Assessment of the relationship between geologic origin of soil, rhizobacterial community composition and soil receptivity to tobacco black root rot in Savoie region (France)
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Background and aims
In Morens (Switzerland), soils formed on morainic deposits (which contain vermiculite clay and display particular tobacco rhizobacterial community) are naturally suppressive to Thielaviopsis basicola-mediated tobacco black root rot, but this paradigm was never assessed elsewhere. Here, we tested the relation between geology and disease suppressiveness in neighboring Savoie (France).
Two morainic and two sandstone soils from Savoie were compared based on disease receptivity (T. basicola inoculation tests on tobacco), clay mineralogy (X-ray diffraction), tobacco rhizobacterial community composition (16S rRNA gene-based taxonomic microarray) and phlD + Pseudomonas populations involved in 2,4-diacetylphloroglucinol production (real-time PCR and tRFLP).
Unlike in Morens, in Savoie the morainic soils were receptive to disease whereas T. basicola inoculation did not increase disease level in the sandstone soils. Vermiculite was not present in Savoie soils. The difference in rhizobacterial community composition between Savoie morainic and sandstone soils was significant but modest, and there was little agreement in bacterial taxa discriminating soils of different disease receptivity levels when comparing Morens versus Savoie soils. Finally, phlD + rhizosphere pseudomonads were present at levels comparable to those in Morens soils, but with different diversity patterns.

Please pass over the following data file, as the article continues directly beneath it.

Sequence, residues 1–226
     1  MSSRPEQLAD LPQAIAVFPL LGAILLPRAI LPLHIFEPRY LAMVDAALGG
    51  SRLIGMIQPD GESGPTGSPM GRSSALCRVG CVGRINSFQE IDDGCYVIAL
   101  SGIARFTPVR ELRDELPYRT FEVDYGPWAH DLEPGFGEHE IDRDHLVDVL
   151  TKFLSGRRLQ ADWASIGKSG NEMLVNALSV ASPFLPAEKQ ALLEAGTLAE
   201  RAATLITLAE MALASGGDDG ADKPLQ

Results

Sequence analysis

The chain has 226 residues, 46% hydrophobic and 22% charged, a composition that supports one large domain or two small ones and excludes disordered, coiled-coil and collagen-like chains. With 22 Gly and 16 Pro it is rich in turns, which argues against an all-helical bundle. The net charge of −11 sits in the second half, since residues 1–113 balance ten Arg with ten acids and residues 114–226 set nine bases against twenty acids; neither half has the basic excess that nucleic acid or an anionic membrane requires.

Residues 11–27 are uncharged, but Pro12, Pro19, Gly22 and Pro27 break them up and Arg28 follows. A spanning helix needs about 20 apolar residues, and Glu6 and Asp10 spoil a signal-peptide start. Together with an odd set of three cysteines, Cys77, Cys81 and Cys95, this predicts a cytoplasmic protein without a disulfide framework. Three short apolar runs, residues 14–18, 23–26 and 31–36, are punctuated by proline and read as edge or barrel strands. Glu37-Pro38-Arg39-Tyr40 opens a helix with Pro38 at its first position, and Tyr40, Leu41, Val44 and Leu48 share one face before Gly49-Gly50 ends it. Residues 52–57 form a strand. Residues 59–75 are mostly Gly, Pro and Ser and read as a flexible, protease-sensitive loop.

The morainic model of black root rot suppressiveness might be restricted to the particular type of moraine occurring in the Morens region, and the low disease receptivity of sandstone soils in neighboring Savoie might be related to other plant-protection mechanisms.
KeywordsSuppressive soil Thielaviopsis basicola Black root rot Moraine Rhizosphere Bacterial community 16S microarray real-time PCR 2,4-diacetylphloroglucinol
This work was supported by CORESTA (Paris, France), the ECO-NET network 10228TF (EGIDE, Paris, France), the Ministry of Education, Youth and Sports of the Czech Republic (project Kontakt ME09077), and the Ministère Français de la Recherche. We are grateful to G. Nicoud (Université de Savoie, Le Bourget du Lac, France) for help with geomorphology and L. Roger (UMR SeqBio, SupAgro, Montpellier, France) with clay analysis. We thank L. Jocteur-Monrozier, J. Haurat (UMR CNRS 5557 Ecologie Microbienne), D. Desbouchage (IFR 41), J. Bernillon (DTAMB) and C. Oger (DTAMB/PRABI) for technical help and/or discussion. This work made use of the IFR41 platforms Serre, DTAMB and PRABI.
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